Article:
Double-Edged Sword: Urbanization Brings Malnutrition and Obesity Problems to India

Double-Edged Sword: Urbanization Brings Malnutrition and Obesity Problems to India
三兄妹Piero, Ariana and Priscila,一起吃這頓午餐,一尾魚、幾根香蕉還有一碗飯。Photo Credit: AP/達志影像

What you need to know

In India, distress migration to urban areas is creating food security problems and the urban poor is deprived of nutritious food.

The world has vowed to eliminate poverty and hunger by 2030 as part of 169 sustainable development goals adopted in 2015. Yet, increasing urbanization is posing new challenges to progress, according to a new report. And India is particularly vulnerable because it faces an additional twin burden of under- and over-nutrition.

The 2017 Global Food Policy Report–released by International Food Policy Research Institute (IFPRI)–studied the developments in food policy around the world in 2016 with a “special focus on the challenges and opportunities created by rapid urbanization, especially in low- and middle-income countries, for food security and nutrition.”

“India faces a paradoxical situation—its rapid economic growth is coupled with a much slower decline in undernutrition,” the sixth annual report noted.

The country continued implementing its National Food Security Act (NFSA, under which 99.4 million households are entitled to 5 kilograms of subsidized foodgrain per person per month), Mid Day Meal Scheme (under which free lunches are supplied to students in primary and upper primary classes), and Anganwadi centers (courtyard centers set up to combat child hunger and malnutrition) to tackle food and nutrition insecurity, the report added.

Less than 11 percent of the world was suffering from undernourishment globally, according to data from the Food & Agriculture Organization. In India, the figure stood at 15 percent.

Why does India need a fresh approach?

Of 32 million people who moved from rural areas to urban areas between 2001 and 2011, according to migration data from Census 2011, 7.4 million moved for work/business while 10.4 million moved with the household. Nearly 17 percent of India’s urban population, or more than 65 million people, lives in slums, a number that has more than doubled over three decades, IndiaSpend reported in March 2015.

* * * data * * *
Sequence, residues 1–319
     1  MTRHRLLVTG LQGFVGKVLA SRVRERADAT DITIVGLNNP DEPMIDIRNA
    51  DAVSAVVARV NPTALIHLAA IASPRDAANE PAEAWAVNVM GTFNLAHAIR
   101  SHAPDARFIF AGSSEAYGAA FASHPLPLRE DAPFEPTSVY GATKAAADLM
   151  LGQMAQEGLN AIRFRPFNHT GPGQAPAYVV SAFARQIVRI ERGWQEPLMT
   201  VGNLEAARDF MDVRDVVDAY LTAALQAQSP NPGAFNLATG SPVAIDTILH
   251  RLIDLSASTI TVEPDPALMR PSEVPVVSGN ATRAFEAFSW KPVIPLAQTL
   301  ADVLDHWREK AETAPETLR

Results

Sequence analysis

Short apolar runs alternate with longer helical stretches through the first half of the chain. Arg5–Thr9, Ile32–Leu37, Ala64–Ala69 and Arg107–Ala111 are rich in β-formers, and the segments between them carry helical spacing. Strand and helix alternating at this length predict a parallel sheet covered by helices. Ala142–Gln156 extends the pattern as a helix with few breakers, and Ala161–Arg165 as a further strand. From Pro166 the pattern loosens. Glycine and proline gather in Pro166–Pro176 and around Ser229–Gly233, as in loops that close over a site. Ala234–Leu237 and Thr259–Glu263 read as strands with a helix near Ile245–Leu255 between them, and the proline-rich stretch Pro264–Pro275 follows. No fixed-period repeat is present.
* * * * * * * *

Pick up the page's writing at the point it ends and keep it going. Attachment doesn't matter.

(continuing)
As much as 78 percent of India’s workforce is employed in the informal sector (excluding agriculture), which is mostly based in urban and semi-urban areas, the report said, citing this 2012 study.

India is projected to add 404 million urban dwellers between 2014 and 2050–accounting for 16 percent of the projected rise in urban population worldwide–according to this 2014 UN report.

“Poor urban dwellers face unique nutritional challenges around accessing nutritious food, adequate employment, social protection, and adequate water, sanitation, and hygiene facilities, all of which affect food security and nutrition,” the IFPRI report said.

The lack of new and complete data on the extent of food insecurity in urban areas needs to be urgently addressed by comprehensive research, the report suggested. With most welfare programs aimed at rural areas, the poorest of the urban poor remain vulnerable.

“Distress migration to urban areas, unlike developmental migration, is urbanizing the issue of food insecurity,” Anjani Kumar, a research fellow at the IFPRI’s South Asia Regional Office and an author of the report, told IndiaSpend.

While there is a positive discrimination towards rural areas in dealing with challenges–for instance, the targeted public distribution system (PDS) aims to cover 75 percent of rural households and 50 percent of urban households under NFSA–programs such as seeding PDS beneficiaries with their Aadhaar numbers (resident ID) will help avoid duplication and pilferages, Kumar said, adding that increased efficiency in PDS will enable an enhancement of coverage by 30 percent or more, thereby reaching urban slums.

The twin burden of under- and overnutrition